North Carolina's U.S. House elections will be delayed as Supreme Court denies stay
Posted February 19
Raleigh, N.C. — North Carolina will have to rely on contingency plans to delay the state's U.S. House elections this spring after the U.S. Supreme Court refused late Friday to stay a lower court order.
The state's elections were thrown into doubt two weeks ago when a three-judge panel found that lawmakers had unconstitutionally relied too heavily on race in drawing the lines that divide North Carolina into 13 congressional districts. That panel ordered state lawmakers to put new maps into place by Friday.
While the General Assembly met that deadline, top leaders held out hope that Chief Justice John Roberts and his colleagues would make those efforts unneeded. Instead, in a one sentence order, the nation's highest court provided some certainty for how this year's U.S. House elections would be conducted, but raised bigger questions involving other cases headed for the court.
"The application for stay presented to The Chief Justice and by him referred to the Court is denied," read the court's order.
A pair of bills lawmakers passed Friday both redraw the state's congressional districts and set new rules and timetables for the state's primary elections. That new calendar had been contingent on the Supreme Court's action. Had the court issued a stay, the new law would have set aside the newly drawn maps and stuck with the 2011 plan.
As it is, lawmakers have passed a bill calling for all races on the state's March 15 primary to go forward with the exception of the U.S. House races.
Those races will be contested in a primary slated for June 7 presuming two things happen. Gov. Pat McCrory must sign legislation lawmakers sent him Friday night, and the the three-judge panel that rejected the 2011 maps must sign off on the General Assembly's 2016 effort.
Although only U.S. House races will be delayed, contests up and down the ballot will be affected by new election rules.
In order to deal with the time crunch that two different primaries create, lawmakers also voted to do away with runoffs this year. In most other years, a candidate must received at least 40 percent of the primary vote to avoid a second primary. This year, the top vote-getter in a primary, even if he or she is below 40 percent, will win. That could affect races such as the four-way primary for U.S. Senate, as well as a handful of other statewide and legislative races.
"I am pleased the Court declined to allow the GOP's racially gerrymandered congressional districts to move forward," Rep. Grier Martin, D-Wake, said. "The implications for the equally abusive legislative districts are clear."
There is a separate federal case pending that will be heard in April that challenges state House and Senate districts using virtually the same argument as in the congressional redistricting case. Observers say it could follow a similar path to the case that triggered this week's action.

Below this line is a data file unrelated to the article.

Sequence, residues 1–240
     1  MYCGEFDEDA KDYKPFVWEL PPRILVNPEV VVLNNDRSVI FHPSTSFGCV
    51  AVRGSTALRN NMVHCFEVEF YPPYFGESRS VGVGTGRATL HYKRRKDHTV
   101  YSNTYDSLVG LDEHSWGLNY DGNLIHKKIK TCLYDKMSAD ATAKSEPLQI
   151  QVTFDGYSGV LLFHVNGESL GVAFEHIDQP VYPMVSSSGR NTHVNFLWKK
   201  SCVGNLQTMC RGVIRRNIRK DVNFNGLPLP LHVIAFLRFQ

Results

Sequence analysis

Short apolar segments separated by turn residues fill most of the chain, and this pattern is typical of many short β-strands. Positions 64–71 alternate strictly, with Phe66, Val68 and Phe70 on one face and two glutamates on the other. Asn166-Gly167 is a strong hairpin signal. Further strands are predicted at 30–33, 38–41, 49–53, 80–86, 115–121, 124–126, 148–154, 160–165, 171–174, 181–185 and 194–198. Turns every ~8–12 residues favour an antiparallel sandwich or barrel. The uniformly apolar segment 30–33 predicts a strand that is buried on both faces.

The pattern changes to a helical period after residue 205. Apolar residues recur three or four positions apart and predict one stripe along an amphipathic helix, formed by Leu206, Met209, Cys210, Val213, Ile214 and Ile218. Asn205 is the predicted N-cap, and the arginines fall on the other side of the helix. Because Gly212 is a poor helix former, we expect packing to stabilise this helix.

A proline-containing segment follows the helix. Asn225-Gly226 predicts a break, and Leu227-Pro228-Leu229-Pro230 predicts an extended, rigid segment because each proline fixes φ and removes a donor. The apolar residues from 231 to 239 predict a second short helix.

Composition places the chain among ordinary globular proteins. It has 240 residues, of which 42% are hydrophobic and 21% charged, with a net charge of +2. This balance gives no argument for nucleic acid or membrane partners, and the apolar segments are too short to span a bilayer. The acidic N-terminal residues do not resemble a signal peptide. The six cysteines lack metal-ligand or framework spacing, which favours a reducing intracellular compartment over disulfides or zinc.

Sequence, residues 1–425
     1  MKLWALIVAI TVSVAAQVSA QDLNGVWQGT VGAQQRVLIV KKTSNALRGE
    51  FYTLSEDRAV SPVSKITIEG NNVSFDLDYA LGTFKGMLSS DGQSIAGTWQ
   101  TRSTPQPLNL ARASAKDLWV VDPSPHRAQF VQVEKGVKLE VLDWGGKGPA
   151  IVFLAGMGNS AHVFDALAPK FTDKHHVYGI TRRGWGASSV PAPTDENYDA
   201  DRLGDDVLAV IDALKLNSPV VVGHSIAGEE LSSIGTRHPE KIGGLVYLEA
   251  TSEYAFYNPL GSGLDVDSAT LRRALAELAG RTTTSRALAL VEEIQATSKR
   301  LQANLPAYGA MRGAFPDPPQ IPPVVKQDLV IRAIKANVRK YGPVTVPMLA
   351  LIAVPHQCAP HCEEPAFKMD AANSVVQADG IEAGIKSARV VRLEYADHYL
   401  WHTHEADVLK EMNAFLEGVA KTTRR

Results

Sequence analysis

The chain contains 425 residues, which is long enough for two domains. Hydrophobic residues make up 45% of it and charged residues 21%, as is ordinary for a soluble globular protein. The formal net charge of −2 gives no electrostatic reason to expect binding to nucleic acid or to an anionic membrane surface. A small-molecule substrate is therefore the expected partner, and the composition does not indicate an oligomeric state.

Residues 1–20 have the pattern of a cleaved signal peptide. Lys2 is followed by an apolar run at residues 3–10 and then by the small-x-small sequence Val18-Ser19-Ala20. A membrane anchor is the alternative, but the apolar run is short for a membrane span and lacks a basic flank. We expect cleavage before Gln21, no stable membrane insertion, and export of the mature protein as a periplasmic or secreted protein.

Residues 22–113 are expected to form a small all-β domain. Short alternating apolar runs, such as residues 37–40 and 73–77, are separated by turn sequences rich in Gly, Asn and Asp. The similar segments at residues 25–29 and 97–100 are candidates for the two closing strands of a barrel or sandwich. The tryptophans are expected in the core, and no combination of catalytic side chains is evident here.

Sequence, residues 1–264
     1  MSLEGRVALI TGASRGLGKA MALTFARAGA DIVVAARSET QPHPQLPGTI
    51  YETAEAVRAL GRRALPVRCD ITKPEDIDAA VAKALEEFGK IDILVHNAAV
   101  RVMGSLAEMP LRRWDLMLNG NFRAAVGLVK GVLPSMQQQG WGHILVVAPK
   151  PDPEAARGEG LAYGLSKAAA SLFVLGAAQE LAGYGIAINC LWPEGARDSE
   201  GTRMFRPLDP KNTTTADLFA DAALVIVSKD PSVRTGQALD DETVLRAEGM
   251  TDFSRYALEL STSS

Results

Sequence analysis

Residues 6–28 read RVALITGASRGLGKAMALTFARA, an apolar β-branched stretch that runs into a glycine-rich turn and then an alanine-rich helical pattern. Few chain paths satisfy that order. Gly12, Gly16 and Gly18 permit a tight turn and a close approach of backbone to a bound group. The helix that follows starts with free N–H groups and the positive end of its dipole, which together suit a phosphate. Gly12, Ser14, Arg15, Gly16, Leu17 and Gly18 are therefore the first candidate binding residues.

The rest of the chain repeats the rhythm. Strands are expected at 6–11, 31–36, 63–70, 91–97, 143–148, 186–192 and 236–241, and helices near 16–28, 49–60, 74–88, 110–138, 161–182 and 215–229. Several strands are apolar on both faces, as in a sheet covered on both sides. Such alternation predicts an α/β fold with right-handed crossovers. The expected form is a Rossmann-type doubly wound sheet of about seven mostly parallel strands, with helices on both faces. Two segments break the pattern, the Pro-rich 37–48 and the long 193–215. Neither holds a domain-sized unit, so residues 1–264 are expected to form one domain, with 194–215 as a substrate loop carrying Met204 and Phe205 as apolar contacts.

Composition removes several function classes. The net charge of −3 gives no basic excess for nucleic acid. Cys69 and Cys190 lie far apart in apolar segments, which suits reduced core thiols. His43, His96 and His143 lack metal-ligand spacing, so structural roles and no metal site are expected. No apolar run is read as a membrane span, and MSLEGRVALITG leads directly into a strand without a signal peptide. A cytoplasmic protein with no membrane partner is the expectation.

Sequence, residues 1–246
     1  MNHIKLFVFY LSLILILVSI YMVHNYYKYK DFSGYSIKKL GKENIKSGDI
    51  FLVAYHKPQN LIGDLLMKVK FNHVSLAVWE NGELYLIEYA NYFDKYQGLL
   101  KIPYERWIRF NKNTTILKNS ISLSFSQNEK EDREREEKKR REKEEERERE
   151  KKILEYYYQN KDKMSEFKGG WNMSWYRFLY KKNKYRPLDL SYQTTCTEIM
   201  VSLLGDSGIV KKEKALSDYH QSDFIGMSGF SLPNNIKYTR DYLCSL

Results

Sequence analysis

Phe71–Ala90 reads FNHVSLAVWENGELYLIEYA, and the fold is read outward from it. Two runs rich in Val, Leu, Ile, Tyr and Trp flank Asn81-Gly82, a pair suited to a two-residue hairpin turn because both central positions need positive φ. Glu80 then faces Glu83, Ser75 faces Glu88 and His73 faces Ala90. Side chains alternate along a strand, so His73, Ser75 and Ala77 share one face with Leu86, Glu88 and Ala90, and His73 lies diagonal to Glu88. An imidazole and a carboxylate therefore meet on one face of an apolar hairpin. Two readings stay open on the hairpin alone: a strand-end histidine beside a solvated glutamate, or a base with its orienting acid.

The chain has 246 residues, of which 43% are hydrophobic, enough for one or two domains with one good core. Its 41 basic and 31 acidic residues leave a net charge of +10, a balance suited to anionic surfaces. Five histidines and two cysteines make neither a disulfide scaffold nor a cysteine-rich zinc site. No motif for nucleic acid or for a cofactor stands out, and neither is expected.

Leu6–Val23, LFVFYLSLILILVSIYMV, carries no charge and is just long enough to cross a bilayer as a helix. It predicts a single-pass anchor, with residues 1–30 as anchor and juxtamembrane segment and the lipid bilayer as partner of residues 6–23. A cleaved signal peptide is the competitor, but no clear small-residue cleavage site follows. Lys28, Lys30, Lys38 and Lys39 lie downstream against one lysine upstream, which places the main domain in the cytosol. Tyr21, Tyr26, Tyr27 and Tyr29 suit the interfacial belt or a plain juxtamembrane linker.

"You have to think that Chief Justice Roberts spent a lot of time talking to other justices before they made this decision," said Jane Pinsky, executive director of the North Carolina Coalition for Lobbying and Government Reform.
The court's order specifically notes that it was "referred to the Court." Although the federal judiciary is often inscrutable, the refusal to issue a stay is often a sign the justices don't believe those appealing – in this case, the state – can win their case.
Top legislative leaders did not immediately respond to requests for comment late Friday. However, on the floor of the House and the Senate, they defended both their prior efforts as well as a new map.
That new map keeps 87 of North Carolina's 100 counties whole rather than dividing them among two or more congressional districts. It also packs fewer black voters into the 1st and 12th districts, both of which were the focus of the lower federal court ruling.
On balance, the map is more competitive than the one drawn in 2011, but it still gives Republicans an advantage in 10 of the 13 districts. Democrats decried this as unfair, but Republicans said they have every right to use their legislative majorities to their advantage.
"When you hear all these comments and all these complaints about gerrymandering, well, we sat at the master's feet for decades," said Rep. Bert Jones, R-Rockingham, one of the leaders who helped to draft the new maps. "Perhaps some people learned something."
Reform groups have called for lawmakers to turn over the job of drawing maps to a nonpartisan commission. Pinsky said that, after this week's hurried redraw and subsequent court decision, that option should be more appealing than ever.
"For many years, Democrats drew congressional boundaries in North Carolina that produced chaotic court fights," she said. "Now, it's Republican versions that cannot survive."